Malaria is one of the greatest health problems in the world, with an estimated 207 million cases in 2012 (1). The number of deaths is uncertain owing to inadequate diagnosis and reporting, but has been estimated at between 473 000 and 1.2 million per year. More than 80 % of these occur in sub-Saharan Africa (1, 2).
The European Centre for Disease Control and Prevention (ECDC) registered 5 482 cases of malaria in Europe in 2011 (3). The patients were mainly infected in sub-Saharan Africa and south-east Asia. Imported malaria is most frequently due to the potentially malignant Plasmodium falciparum, and according to figures from the global surveillance system for travel-related infectious diseases (GeoSentinel), falciparum malaria accounted for 5 % of 17 228 cases of travel-related disease in 2009 (4). Infection in Europe is highly unusual in modern times, but 61 cases of vivax malaria contracted in Greece were reported in 2011 (3).
During the period 2004 – 2013, 28 – 88 cases of malaria were reported annually in Norway to the Reporting System for Infectious Diseases (MSIS) (5). The highest number was recorded in 2013, with 88 cases distributed among 18 of Norway’s 19 counties. Nord-Trøndelag was the only county in which no cases of malaria were reported. By way of comparison, 27 – 48 cases of systemic meningococcal disease were reported during the same period (5). As many as 57 – 75 % of the malaria cases diagnosed in Norway are caused by P. falciparum (5).
Atovaquone-proguanil or mefloquine are usually recommended as prophylaxis in connection with travel to malaria areas. According to figures from the Norwegian Prescription Register, 23 787 prescriptions for atovaquone-proguanil and 4 011 for mefloquine were issued in Norway in 2012 (6). There has been a gradual increase in the annual number of prescriptions for atovaquone-proguanil over the past decade, with 8 430 more prescriptions in 2012 than in 2005, while the annual number of prescriptions for mefloquine has remained unchanged.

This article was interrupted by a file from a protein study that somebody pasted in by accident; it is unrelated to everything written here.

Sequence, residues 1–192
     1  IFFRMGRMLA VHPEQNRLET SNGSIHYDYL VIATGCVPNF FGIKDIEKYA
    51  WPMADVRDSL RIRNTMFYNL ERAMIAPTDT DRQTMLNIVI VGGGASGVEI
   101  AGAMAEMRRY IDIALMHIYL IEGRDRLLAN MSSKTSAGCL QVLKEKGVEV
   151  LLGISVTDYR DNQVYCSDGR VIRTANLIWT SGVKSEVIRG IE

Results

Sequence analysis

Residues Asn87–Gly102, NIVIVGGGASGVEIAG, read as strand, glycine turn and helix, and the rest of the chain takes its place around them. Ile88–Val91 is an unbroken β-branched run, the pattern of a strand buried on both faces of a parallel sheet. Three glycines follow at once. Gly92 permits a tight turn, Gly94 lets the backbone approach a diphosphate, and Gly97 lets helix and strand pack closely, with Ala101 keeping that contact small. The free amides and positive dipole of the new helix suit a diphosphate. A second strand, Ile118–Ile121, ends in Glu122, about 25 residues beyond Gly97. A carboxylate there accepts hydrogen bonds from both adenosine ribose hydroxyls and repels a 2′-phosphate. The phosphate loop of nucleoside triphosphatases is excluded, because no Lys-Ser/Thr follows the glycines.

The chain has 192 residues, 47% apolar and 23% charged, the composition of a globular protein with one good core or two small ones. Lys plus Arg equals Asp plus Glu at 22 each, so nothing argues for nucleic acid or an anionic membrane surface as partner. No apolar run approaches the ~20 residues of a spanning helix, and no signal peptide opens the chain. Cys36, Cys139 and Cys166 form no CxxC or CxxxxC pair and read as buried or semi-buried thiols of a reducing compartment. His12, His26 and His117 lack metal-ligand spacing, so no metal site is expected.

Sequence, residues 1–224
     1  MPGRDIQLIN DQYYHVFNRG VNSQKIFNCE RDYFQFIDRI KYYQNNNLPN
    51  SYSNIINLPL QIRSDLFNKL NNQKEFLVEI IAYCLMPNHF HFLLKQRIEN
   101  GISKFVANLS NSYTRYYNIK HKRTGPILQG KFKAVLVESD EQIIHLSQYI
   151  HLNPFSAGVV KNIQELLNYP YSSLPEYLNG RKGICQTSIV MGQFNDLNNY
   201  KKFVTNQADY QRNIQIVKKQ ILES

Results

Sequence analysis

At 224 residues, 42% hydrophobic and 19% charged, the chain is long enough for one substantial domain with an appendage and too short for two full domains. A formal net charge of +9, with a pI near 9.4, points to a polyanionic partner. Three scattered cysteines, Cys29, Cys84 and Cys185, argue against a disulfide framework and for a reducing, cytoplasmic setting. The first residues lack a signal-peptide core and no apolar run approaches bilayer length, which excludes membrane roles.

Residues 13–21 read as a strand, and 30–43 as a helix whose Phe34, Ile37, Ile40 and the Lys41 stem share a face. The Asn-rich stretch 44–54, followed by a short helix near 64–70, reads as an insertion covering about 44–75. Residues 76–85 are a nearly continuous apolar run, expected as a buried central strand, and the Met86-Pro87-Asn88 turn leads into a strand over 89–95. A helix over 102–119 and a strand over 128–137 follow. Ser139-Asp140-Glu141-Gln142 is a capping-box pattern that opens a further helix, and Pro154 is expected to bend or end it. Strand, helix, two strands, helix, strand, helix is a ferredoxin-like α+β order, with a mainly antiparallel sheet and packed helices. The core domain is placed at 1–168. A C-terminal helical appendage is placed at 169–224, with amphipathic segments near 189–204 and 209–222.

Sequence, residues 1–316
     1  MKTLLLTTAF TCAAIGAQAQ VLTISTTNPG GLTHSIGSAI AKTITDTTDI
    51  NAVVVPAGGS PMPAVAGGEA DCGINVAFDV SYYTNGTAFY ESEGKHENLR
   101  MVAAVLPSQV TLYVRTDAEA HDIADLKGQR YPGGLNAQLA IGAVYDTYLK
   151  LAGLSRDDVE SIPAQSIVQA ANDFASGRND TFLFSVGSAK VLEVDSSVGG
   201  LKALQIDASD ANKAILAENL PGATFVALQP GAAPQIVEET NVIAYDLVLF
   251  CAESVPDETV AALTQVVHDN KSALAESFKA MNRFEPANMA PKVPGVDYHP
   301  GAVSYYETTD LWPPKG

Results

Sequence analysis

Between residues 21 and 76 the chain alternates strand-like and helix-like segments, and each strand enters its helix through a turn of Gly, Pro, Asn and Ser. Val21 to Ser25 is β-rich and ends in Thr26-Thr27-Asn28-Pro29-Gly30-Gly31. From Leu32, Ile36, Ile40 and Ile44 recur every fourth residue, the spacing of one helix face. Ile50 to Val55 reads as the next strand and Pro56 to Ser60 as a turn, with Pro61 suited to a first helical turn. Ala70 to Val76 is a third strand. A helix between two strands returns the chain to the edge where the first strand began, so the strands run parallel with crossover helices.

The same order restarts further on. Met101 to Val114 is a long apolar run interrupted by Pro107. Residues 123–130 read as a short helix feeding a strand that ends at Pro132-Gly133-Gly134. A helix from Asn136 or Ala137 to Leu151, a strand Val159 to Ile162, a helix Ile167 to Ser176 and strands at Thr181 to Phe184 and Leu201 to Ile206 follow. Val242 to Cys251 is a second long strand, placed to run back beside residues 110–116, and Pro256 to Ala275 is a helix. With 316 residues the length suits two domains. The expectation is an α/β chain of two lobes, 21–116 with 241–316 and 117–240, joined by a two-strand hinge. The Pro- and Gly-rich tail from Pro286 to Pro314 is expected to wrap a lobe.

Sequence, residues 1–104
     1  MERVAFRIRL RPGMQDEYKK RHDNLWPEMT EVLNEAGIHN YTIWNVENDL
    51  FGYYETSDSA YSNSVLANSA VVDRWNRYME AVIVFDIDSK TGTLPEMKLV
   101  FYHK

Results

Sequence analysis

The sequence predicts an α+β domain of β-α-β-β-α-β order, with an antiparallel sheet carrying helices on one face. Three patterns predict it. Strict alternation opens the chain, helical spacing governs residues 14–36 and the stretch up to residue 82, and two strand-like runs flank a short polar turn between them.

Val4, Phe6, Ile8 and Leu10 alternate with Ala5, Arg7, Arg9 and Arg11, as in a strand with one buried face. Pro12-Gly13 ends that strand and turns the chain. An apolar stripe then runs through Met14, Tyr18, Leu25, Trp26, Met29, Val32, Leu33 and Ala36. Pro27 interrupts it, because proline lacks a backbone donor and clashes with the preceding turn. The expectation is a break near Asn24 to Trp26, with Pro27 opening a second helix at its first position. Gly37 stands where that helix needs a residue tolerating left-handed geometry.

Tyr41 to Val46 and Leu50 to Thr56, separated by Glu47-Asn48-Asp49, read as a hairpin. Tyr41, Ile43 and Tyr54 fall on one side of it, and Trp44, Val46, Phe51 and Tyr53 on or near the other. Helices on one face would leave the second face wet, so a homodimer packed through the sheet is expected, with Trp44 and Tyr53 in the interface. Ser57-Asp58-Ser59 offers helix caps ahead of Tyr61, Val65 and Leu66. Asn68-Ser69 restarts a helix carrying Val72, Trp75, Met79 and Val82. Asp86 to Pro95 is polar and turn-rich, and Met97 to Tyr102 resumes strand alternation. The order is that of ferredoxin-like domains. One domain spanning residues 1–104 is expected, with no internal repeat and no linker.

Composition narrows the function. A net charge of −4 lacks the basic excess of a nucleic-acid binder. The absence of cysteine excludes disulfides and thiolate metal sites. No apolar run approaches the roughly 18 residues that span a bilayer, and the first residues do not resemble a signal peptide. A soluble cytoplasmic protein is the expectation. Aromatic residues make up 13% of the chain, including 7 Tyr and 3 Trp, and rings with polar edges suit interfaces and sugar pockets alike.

In Norway, African immigrants are the group who most frequently contract malaria, because they often travel to endemic areas without using prophylaxis (7). Our experience is that people who originate from malaria-endemic areas find the disease troublesome but seldom dangerous, because of immunity, and do not take into account that they have lost their immunity to malaria. Tourists, people on foreign postings and other travellers are also at risk of infection. It is therefore important for all population groups to be aware of the risk of malaria (7).
Malaria symptoms are non-specific in the early phase, and may be misdiagnosed as influenza, gastroenteritis or other acute fevers with general symptoms in the form of nausea, vomiting, diarrhoea, headache, backache, muscular pain or cough (8).
In cases of falciparum malaria or the rare type of malaria that is due to Plasmodium knowlesi, the disease can rapidly develop into serious illness where emergency treatment may save the patient’s life. A malaria patient who is generally affected to the extent of being incapable of swallowing tablets, has signs of vital organ dysfunction or a high parasite count (> 2 – 4 %), has severe malaria (8). Pregnant women and small children are at particular risk of more rapid development of the disease and a more serious course (9).
Malaria is diagnosed by means of Giemsa-stained thin- and thick-film blood film smears that reveal the type of Plasmodium and parasitaemia (percentage of red blood cells infected). Antigen tests constitute a supplement that can rapidly detect whether the patient has malaria and should therefore be available at all hospitals, especially those without malaria microscopy expertise. There are many different malaria rapid diagnostic tests (RDTs) with varying sensitivity and specificity (10). All tests have a generally lower sensitivity to species other than P. falciparum.
Patients with suspected malaria must take a test without delay. If falciparum malaria is detected, the patient must be treated and put under surveillance in hospital where drugs for intravenous treatment must be available in case the disease takes a severe course. Detailed guidelines for malaria treatment in Norway have been published previously in the Journal of the Norwegian Medical Association (11) and in Nasjonal faglig retningslinje for bruk av antibiotika i sykehus [National guidelines for the use of antibiotics in hospitals], published by the Norwegian Directorate of Health in 2013 (12).
The object of the present study was to investigate preparedness and procedures for the diagnosis and treatment of malaria at Norwegian hospitals.